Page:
In kindergarten, I was an unexpected patriot. 

Whenever my best friend, an English expat at five, would bemoan the points she missed on our spelling tests over the unwelcome u’s of her British spelling practices, or passionately disparage Hershey’s in favor of Cadbury chocolates, a powerful sense of patria would possess me—the same kind of love that coursed through ancient Romans and modern-day gun owners—and I’d snap at her fiercely, even though I’d never liked the taste of candy bar chocolate. I surprised myself in these instances; I barely mumbled the pledge most days, and I knew about slavery, and I was more cognizantly allegiant to the Disney Channel than the United States. Regardless, an aquiline parasite lived inside me, compelling me violently with its bald-eagle talons to wage psychological Revolutionary Warfare against my own best friend.

Two months before my eighteenth birthday, with adulthood and the hazy red of wildfires on the horizon, I remembered mortality, and suddenly my life felt accordioned into nothing, and my home city felt flat and suffocating like one of those labyrinthian kids’ toys you shake to solve. Nothing really mattered anymore, and I got really scared of airplanes and engine backfire noises, and I couldn’t read books because everything worth reading is secretly about dying. I subsisted on quality time with my mother and Adult Swim cartoons. I found an article—“How to Make Life Seem Longer”that told me doing new and unfamiliar things would help me stave off the looming threat of mortality. Suddenly, when I thought of college I saw myself on the other side of the country, certain all the good stuff was thousands of miles away, where the grass was greener without the use of drought-fueling sprinkler fixtures and there weren’t quite so many airplanes. I’d unmasked Southern California, reverted it back to the apocalyptic desert wasteland it tried so hard not to be. The East Coast would coddle me. There was safety under the cover of trees, miles of anonymity separating the larger cities, humidity that fireproofed the air.

When death seemed to haunt Los Angeles, I was wracked with a grief I couldn’t comprehend. A familiar, loved thing had become perilous. It was the numb, disbelieving grief of losing a family friend, one who’s in all your baby pictures.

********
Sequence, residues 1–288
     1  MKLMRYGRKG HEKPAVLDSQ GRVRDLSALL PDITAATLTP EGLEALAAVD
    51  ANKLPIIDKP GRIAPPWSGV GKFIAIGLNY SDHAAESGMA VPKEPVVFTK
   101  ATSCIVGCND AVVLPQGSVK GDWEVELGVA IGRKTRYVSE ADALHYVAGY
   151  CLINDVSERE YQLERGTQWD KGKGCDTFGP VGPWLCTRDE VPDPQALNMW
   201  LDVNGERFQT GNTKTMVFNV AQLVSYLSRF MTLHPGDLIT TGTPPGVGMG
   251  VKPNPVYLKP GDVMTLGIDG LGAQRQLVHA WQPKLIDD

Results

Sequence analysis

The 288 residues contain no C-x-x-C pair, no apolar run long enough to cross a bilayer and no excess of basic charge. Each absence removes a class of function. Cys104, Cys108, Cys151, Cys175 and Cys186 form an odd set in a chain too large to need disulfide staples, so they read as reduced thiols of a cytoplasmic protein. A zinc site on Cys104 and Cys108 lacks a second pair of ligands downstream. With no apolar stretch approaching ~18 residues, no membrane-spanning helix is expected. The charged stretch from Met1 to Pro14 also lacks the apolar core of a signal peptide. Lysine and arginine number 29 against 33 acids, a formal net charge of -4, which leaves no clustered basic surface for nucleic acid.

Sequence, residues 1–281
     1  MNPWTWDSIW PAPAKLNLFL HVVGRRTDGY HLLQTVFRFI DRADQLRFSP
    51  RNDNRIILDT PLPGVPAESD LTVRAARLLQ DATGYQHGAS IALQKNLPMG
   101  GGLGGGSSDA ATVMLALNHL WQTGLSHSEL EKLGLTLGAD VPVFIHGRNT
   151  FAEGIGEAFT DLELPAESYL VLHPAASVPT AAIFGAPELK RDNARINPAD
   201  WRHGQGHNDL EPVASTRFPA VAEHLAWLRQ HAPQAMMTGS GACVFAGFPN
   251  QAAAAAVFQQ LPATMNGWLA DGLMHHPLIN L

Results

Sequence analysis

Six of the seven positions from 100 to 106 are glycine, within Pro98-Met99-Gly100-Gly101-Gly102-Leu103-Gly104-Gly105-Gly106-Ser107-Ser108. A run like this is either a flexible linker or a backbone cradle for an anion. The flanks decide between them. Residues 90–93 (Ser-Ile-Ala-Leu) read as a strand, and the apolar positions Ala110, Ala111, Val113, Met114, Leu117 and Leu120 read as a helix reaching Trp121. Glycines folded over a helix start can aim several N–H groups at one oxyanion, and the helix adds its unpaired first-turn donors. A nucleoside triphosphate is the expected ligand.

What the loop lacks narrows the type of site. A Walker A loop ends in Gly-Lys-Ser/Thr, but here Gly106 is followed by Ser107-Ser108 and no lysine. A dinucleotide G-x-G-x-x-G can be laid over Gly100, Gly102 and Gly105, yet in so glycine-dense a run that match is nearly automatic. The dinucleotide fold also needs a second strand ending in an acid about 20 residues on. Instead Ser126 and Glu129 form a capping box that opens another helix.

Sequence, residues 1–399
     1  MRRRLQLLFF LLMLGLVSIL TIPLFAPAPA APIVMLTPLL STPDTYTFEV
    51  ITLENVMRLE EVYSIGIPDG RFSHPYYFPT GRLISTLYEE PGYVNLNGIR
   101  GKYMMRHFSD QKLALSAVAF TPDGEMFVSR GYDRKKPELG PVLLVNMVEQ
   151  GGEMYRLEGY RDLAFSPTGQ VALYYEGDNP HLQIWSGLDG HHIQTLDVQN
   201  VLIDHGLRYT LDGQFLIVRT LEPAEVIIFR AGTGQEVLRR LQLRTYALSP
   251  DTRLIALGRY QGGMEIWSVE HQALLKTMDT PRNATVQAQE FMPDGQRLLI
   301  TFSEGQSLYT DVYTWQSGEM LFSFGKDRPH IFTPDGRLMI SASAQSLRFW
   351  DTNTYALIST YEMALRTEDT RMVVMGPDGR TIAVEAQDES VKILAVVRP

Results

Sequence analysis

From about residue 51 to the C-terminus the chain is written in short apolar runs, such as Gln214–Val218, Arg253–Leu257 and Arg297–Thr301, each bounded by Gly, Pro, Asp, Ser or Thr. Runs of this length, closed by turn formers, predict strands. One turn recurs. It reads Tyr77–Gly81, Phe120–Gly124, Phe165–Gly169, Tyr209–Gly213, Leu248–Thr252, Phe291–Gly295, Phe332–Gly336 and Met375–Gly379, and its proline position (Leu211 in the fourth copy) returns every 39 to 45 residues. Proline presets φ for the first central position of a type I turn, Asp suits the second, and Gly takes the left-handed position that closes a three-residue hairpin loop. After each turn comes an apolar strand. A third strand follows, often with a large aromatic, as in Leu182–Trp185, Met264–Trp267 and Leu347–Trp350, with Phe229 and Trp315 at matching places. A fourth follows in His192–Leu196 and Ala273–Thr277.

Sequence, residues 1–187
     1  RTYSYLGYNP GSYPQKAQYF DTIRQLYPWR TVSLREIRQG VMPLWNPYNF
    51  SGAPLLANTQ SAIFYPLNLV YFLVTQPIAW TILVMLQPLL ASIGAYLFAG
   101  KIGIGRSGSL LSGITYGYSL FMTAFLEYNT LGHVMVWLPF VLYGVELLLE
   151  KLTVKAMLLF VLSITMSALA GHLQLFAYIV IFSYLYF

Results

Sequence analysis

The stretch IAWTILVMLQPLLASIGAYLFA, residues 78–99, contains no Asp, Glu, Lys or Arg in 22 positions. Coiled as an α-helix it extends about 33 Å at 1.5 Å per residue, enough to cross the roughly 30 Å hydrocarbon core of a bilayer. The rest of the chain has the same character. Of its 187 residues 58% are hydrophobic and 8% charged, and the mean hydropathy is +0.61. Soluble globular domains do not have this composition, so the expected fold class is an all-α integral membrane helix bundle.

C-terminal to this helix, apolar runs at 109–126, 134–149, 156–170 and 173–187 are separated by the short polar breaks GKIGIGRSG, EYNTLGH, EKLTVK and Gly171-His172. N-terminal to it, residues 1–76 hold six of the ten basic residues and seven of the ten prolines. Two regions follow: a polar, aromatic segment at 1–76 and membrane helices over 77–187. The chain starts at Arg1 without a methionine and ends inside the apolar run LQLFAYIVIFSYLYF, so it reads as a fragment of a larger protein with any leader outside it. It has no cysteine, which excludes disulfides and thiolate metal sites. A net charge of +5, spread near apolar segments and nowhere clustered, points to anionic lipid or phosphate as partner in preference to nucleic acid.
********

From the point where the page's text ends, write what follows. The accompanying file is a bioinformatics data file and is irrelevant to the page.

Unlearning that grief feels like falling in love.

I was never truly a patriot—affection for my city, which had raised me with equal parts gentleness and excitement, had cast a striped and starry film over my eyes. To insult the United States was to imply the imperfection of my home, a reality I wasn’t yet ready to face. I should have realized. I’ve lived in the same house forever, and I hate vacations. Home, real home, has gravity. You have to go back.

Now that I’m home again I’ve been having all kinds of ridiculous, epiphanous moments. I was driving on the freeway and the sun cast a golden bar over the asphalt in front of me, and the mountains were purple on either side and I was giddy with love for all of it—giddy about gas stars and asphalt of all things. Driving 70 on one of the most infuriating highways in the country, I felt swaddled with comfort. An obsessive corner of my brain latched onto the word home and it coated my mind like a wallpaper.

Home lives everywhere; that’s not profound. It lives in my parents and my friends and my favorite taco truck and outfits that, when I wear them, imbue me with a euphoric sense of myself-ness. To me, the most hedonistic life I could live is one where I chase down every homey object and experience I can. I used to stretch out facedown on the AstroTurf field of my elementary school so that the sun could coat my back while the hot plastic warmed my face and that was what elation felt like to me, but there is comparable joy in coolness: before now I’d never pressed a warm hand against iced window glass, never crunched snow crystals flat under weighted shoes. In my mind, white strings and pins slice up the United States like the manically constructed cork board of a mad detective, because home is a network.

Moving to New Jersey did not lengthen my life, nor my perception of it, but I found safety and belonging in my friends there, in the lunch special at my favorite restaurant, in Wawa soft pretzels and Vitamin Water for breakfast. As a domestic hedonist, I can only hope to continue to be serially endeared, so that the accordion of my life can seem, if not long, at least wide.

Do you enjoy reading the Nass?

Please consider donating a small amount to help support independent journalism at Princeton and whitelist our site.